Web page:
TAMPA — Margaret Johnson sipped a Topo Chico margarita in the sweltering parking lot outside the MidFlorida Credit Union Amphitheater, wearing a homemade tank top that read “Vintage BSB groupie.”
She and her friends had been camping in assorted Backstreet Boys merchandise since 4:30 p.m. Tuesday. Really, they had been anticipating the show for much longer.
“I’ve been waiting to see them since I was 14,” said Johnson, now 37. “I have those lyrics stuck in my head.”
Before the Tampa DNA World Tour halted, groups of fans swarmed to lawn chairs, shoving the Backstreet Boys’ greatest hits and knocking down jello shots. They shook off the tiny butterfly hair clips or space buns of their childhood, going back to the 90s with tattooed chokers and homemade shirts saying, “I should have married a Backstreet Boy.” It doesn’t matter that many are already married, some with their own children, all finally with the disposable income of an adult to fulfill their teenage dreams.
Many fans bought tickets long ago when the tour was announced, holding onto them for two and a half years as the show was pushed back three times.
“We’re just happy it’s finally launched,” Michelle Reidy, 37, said. “The pandemic has slowed things down.”
Aiden Reidy, wearing a t-shirt labeled “Emotional Support Husband,” added, “At the end of the day, Backstreet is back.”
Indeed, they are. The band, who formed in Orlando and played their first show at Sea World nearly 30 years ago, were quick to remind fans where it all began.
“Tonight we’re going to step back in time,” said Brian Littrell, stripping off his sparkling sequin jacket as he addressed fans for the first time. “We’re going to sing all your favorite tunes and I hope you feel like you’re 8, 10 or 12 again.”
In about two hours, they went through about 30 songs, new and old. It was the first time they had played in Tampa Bay since 2013. Their last album, “DNA,” was released in 2019, before the pandemic forced them to push back their world tour, so the songs were still technically fresh. Still, it’s no surprise that the classics from their early albums generated the most excitement: “Shape of My Heart”, “As Long As You Love Me” and “Quit Playing Games (With My Heart)”.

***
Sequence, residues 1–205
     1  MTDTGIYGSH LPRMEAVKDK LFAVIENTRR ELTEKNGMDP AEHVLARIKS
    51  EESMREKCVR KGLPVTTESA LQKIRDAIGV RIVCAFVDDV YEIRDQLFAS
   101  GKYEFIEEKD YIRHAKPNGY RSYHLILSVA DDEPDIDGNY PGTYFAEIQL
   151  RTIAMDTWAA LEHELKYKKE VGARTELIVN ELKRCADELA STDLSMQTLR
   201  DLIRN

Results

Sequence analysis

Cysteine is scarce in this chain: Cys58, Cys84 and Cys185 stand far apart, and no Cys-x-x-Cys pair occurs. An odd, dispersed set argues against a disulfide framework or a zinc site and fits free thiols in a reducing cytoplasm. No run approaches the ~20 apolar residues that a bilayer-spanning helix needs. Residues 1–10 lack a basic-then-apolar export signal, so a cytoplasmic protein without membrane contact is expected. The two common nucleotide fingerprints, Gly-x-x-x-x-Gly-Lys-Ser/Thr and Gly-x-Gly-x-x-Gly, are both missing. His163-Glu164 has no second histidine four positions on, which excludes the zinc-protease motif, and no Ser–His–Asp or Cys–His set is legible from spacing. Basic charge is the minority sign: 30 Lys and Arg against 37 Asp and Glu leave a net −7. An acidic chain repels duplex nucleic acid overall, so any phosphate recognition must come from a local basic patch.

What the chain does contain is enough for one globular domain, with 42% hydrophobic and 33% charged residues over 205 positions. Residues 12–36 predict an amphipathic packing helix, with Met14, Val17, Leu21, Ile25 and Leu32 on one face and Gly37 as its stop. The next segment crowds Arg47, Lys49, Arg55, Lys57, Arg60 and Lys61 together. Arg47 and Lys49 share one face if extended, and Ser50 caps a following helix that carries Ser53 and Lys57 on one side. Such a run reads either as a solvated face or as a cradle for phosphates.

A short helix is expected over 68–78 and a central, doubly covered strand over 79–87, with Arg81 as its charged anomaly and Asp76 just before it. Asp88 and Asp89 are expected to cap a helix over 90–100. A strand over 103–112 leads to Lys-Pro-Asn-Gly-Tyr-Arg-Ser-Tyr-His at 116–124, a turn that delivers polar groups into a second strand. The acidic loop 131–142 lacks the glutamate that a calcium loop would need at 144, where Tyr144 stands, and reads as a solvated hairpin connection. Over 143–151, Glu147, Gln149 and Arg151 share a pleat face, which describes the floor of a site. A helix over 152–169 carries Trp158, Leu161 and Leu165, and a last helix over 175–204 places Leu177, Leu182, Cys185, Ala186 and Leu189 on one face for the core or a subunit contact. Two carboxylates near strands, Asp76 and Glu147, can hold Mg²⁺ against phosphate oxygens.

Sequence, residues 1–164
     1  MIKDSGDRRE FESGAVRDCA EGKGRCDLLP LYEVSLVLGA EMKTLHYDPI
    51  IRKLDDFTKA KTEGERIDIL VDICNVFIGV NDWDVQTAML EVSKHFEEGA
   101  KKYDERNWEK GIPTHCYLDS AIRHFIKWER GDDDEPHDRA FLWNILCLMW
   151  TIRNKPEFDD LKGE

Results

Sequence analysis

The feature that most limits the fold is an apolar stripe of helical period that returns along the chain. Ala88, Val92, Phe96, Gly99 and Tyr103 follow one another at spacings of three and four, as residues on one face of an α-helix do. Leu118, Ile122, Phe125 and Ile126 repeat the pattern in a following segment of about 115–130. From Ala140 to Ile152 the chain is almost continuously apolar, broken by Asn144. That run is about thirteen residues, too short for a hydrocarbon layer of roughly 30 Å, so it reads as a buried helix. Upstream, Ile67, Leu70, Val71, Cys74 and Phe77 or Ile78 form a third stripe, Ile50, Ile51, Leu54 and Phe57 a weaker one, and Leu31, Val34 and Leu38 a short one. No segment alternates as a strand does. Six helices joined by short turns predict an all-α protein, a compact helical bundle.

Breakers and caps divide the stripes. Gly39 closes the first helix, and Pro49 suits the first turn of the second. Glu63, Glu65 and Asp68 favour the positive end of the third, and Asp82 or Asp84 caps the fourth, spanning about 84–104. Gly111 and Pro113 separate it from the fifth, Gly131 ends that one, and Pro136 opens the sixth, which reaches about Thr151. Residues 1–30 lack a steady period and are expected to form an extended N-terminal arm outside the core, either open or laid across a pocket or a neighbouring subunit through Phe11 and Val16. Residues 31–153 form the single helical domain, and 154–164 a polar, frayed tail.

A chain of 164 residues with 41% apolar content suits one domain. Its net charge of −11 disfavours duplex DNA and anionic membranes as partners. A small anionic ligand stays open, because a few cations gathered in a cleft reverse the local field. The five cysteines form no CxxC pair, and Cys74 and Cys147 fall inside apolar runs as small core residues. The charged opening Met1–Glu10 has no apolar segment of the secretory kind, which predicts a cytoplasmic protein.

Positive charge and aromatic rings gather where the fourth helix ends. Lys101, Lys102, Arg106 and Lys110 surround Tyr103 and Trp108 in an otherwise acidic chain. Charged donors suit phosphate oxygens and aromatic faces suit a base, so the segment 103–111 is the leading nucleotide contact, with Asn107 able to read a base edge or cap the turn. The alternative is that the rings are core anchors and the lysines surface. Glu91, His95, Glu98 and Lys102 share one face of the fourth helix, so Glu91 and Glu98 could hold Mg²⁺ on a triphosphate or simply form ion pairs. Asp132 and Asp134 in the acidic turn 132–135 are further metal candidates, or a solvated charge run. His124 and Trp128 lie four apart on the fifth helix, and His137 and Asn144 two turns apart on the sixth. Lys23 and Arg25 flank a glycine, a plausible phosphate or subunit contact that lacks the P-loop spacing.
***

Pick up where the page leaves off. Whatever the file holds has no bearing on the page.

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Time has passed and The Boys (as we have to call them even though the oldest member, Kevin Richardson, turns 51 this year) have evolved. They stopped working together and tried solo careers and got back together. The members have wives and children, whose faces were projected onto the stage in the music video for “No Place.”
Being family dads (sorry, boys) didn’t stop them from grabbing their crotches, rolling their hips and, at one point, changing on stage and throwing their underwear into the crowd.
“Hey Kev, remember when all the fans were throwing their bras and panties on stage?” said AJ McLean. “Why don’t we reciprocate? »
Between shimmiing and crooning, each member took a moment to reminisce and thank the crowd. They performed ‘Larger than Life’, singing a love letter to the fans who brought them there. At one point, Nick Carter rocked a custom Tampa Bay Buccaneers jersey and led a Tampa Bay chant.
“It means so much to me to be back in the place that got me onto this stage here for almost 30 years,” he said to cheers. “If you don’t know, I’m from Tampa. And I missed you so much.
Throughout the evening, the Boys showed that they still remembered all the details and choreography: the rustling of knees, the swinging of a fedora, pointing skyward and ending with arms crossed on Chest. Littrell sang with a smile, waving to the wailing fans in the pit. McLean wore fingerless gloves, a fishnet top, and a rhinestone-covered hoodie (not all at once — there were plenty of costume changes, of course). Carter, now 41, still had the goofy energy of a teenager, smiling as he roasted the early forms of his fellow band members: Howie Dorough was the only one with chest hair, Littrell arrived in Florida with a country twang and overalls.
“If you look at Teeny Bop magazines and pull out AJ’s face, you’ll notice that it was really perfect,” Carter said. “It’s because he painted his beard on it.”
After the glow of “I Want It That Way,” which earned one of the loudest chants of the night, Carter collapsed onto his back in the middle of the stage, soaking it all up. It was like he was having the best time of his life.
The screaming fans seemed to agree.